Why is java -version implemented in Java?
thomas.stuefe at gmail.com
Sun Nov 22 05:57:03 UTC 2020
Thanks Michael, that's an important point.
So when I half-jokingly wrote that "-version" is used as a cheap first-line
VM test I was not wrong, and not only OpenJDK developers do that. People
seem to rely on "-version" parsing arguments and initializing the JVM.
Which also would prevent us from modifying command line options to save
initialization time, e.g. adding -Xint.
Pity. I guess we could run JVM initialization and still cut out the actual
invocation of VersionProps.java and just print all those infos from native
code within the hotspot. But I'm not sure how much this would actually save.
On Fri, Nov 20, 2020 at 11:50 PM Michael Bien <mbien42 at gmail.com> wrote:
> On 20.11.20 20:44, Thomas Stüfe wrote:
> > On Fri, Nov 20, 2020 at 7:39 PM Volker Simonis <volker.simonis at gmail.com
> > wrote:
> >> On Fri, Nov 20, 2020 at 7:08 PM Alan Bateman <Alan.Bateman at oracle.com>
> >> wrote:
> >>> On 20/11/2020 16:22, Thomas Stüfe wrote:
> >>>> Hi,
> >>>> java -version seems to be called by scripts very frequently to get the
> >> java
> >>>> version. Folks complain about the time that takes.
> >>>> I always wondered, why is this implemented in java? Which requires the
> >>>> whole jvm machinery to start up just to print the version information.
> >>>> VersionProps.java seems not to be very complex; that information could
> >> have
> >>>> been baked into the launcher, or the hotspot.
> >>>> Or is using 'java -version' as a simple VM test just too convenient?
> >>> The alternative to scripts running `java -version` is to examine the
> >>> `release` file in the top-level directory. Could the scripts that
> >>> encountered be changed to look at that instead?
> >> That's an alternative but not the answer to the question :)
> > Yes, I was hoping for some background information about why we do it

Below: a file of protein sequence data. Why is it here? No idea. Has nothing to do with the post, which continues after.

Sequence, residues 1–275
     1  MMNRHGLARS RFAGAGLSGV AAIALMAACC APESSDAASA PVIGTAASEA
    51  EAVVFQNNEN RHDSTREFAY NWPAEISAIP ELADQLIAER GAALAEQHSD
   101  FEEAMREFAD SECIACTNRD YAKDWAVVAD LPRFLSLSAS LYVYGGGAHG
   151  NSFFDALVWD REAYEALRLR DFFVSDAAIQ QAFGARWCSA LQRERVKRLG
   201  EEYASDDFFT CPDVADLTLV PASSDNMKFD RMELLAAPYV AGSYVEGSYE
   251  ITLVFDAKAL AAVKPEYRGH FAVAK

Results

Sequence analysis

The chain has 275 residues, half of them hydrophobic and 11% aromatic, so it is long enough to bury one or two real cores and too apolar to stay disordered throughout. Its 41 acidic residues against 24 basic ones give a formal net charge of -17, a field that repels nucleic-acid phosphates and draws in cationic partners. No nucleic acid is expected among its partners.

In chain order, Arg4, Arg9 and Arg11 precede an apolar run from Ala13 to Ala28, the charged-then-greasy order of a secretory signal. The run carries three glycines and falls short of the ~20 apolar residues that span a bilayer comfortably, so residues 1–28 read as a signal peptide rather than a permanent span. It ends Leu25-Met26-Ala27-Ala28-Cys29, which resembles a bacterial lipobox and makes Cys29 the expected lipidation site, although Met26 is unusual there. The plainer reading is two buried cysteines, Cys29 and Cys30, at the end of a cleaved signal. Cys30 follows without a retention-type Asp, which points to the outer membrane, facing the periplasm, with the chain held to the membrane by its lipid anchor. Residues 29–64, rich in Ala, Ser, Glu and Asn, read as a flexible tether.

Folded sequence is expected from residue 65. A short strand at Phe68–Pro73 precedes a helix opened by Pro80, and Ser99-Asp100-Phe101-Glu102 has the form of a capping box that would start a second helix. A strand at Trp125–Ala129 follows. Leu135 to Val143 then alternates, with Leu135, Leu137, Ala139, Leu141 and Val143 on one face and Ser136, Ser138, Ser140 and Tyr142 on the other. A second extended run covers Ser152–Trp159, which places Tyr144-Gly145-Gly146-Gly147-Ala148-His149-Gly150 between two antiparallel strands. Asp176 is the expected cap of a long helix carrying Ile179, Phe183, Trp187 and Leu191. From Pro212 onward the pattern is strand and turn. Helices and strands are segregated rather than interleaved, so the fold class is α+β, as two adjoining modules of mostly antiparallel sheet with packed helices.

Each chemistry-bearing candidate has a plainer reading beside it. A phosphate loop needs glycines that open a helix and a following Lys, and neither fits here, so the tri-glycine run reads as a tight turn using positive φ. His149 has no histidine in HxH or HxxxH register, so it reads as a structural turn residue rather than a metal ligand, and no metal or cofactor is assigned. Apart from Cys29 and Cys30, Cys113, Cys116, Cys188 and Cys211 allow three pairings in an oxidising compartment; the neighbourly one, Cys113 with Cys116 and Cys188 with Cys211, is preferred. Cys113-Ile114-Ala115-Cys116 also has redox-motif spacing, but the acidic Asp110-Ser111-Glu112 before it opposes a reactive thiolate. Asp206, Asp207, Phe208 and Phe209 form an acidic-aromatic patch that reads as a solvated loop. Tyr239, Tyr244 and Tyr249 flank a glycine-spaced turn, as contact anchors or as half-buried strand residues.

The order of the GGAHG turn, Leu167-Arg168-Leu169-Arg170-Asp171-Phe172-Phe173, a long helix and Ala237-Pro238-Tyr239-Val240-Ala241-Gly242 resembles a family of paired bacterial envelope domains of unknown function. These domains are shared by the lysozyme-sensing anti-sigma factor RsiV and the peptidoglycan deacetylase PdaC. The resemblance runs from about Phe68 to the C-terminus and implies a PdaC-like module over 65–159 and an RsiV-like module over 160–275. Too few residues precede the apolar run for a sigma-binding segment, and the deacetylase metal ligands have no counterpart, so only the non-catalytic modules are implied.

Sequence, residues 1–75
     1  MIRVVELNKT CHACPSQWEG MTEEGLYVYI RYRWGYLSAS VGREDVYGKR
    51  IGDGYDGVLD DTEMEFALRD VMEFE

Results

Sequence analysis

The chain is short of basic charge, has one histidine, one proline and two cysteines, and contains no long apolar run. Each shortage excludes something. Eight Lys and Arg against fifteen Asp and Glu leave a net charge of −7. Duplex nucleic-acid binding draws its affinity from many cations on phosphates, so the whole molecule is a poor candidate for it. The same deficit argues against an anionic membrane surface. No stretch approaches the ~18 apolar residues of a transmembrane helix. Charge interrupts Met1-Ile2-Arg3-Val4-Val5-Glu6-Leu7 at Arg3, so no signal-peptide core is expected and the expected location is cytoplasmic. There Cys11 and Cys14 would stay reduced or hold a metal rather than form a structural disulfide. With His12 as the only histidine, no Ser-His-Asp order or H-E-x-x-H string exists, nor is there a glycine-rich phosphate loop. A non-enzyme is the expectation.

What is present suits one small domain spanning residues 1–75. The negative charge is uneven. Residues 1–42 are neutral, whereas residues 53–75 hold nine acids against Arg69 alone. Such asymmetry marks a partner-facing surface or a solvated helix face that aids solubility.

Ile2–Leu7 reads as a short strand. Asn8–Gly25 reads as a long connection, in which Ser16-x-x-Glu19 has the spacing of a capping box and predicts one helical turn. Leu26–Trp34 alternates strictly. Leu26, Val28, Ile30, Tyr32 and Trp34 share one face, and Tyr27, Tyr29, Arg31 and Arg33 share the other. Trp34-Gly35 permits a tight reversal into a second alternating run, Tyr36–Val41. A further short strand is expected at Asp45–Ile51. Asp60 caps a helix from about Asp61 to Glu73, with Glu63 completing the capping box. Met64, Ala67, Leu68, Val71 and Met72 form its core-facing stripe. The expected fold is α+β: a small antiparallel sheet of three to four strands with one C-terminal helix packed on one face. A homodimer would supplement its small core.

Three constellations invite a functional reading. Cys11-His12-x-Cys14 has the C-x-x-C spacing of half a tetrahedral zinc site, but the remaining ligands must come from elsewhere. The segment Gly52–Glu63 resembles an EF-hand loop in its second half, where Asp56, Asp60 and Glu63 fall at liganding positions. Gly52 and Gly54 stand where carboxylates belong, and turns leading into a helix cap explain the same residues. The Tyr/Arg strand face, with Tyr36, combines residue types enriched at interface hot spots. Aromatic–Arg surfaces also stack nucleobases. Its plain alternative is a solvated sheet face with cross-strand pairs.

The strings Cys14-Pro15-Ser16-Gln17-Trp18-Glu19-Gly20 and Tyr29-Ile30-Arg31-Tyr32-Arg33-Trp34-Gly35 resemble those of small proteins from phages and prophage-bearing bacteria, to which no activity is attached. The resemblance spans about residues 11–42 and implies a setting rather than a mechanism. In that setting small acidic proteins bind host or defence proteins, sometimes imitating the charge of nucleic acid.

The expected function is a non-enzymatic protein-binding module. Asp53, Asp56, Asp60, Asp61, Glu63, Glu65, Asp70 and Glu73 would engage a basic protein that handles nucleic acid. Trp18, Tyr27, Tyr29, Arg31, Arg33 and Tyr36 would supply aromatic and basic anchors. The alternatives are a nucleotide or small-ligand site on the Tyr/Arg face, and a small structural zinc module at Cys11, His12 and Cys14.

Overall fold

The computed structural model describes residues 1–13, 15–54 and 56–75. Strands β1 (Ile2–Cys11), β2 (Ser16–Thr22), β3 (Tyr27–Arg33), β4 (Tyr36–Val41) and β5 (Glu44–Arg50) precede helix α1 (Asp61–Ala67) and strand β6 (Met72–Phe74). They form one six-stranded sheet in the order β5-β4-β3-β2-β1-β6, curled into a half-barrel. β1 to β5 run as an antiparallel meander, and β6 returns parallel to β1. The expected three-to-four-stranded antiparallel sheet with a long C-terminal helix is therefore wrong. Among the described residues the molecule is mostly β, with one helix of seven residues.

> > this way.
> > I know about the "release" file, but this does not seem like an obvious
> > solution. I see this file mentioned as a way to quickly get the java
> > release info, but it seems so strange and non-obvious. I feel bad that
> > users have to even do that.
> > Also, to me, that file does not seem to correspond clearly with the
> > -version information.
> >> I'm also not sure how "common" or "standard the "release" file is? I
> >> know at least two popular distributions which don't have that file
> >> while "-version" seems to be a documented and supported option.
> >> I think there's probably a lot of history and legacy around "-version"
> >> and it's implementation. It actually prints "many" versions, e.g. the
> >> VM version, the class library version, etc. Most of the "-version"
> >> output is also exported as system properties and as such only
> >> "generated" at runtime.
> >> Maybe one solution could be to implement a short-cut into OpenJDK's
> >> standard launcher to use the information from the "release" file if
> >> that is present? That should be pretty safe as the times when you
> >> could simple swap the VM in a JDK release are long gone :)
> > An even simpler way could be just to bake the release information as
> > strings into the java launcher and print those. No need to even open and
> > parse that file. j.l.VersionProps.java gets generated from a template, a
> > C-file with strings could be generated the same way.
> > But I am sure it's not that easy and I overlook something. Hence my
> > question.
> java -version does more than just printing static version Strings. It
> prints if class data sharing is active and which mode the JIT is in
> (mixed mode by default).
> jdk-15.0.1_oracle/bin/java -version
> openjdk version "15.0.1" 2020-10-20
> OpenJDK Runtime Environment (build 15.0.1+9-18)
> OpenJDK 64-Bit Server VM (build 15.0.1+9-18, mixed mode, sharing)
> I am (ab)using it sometimes to test JDK features when i forget which
> distribution has what enabled.
> java -Xshare:on -version
> is going to fail if CDS is not properly set up.
> java -XX:+UseShenandoahGC -version
> is going to fail if its an Oracle JDK
> I just wanted to mention this because i might not be the only one using
> -version as --dry-run equivalent.
> best regards,
> > Cheers, Thomas
More information about the jdk-dev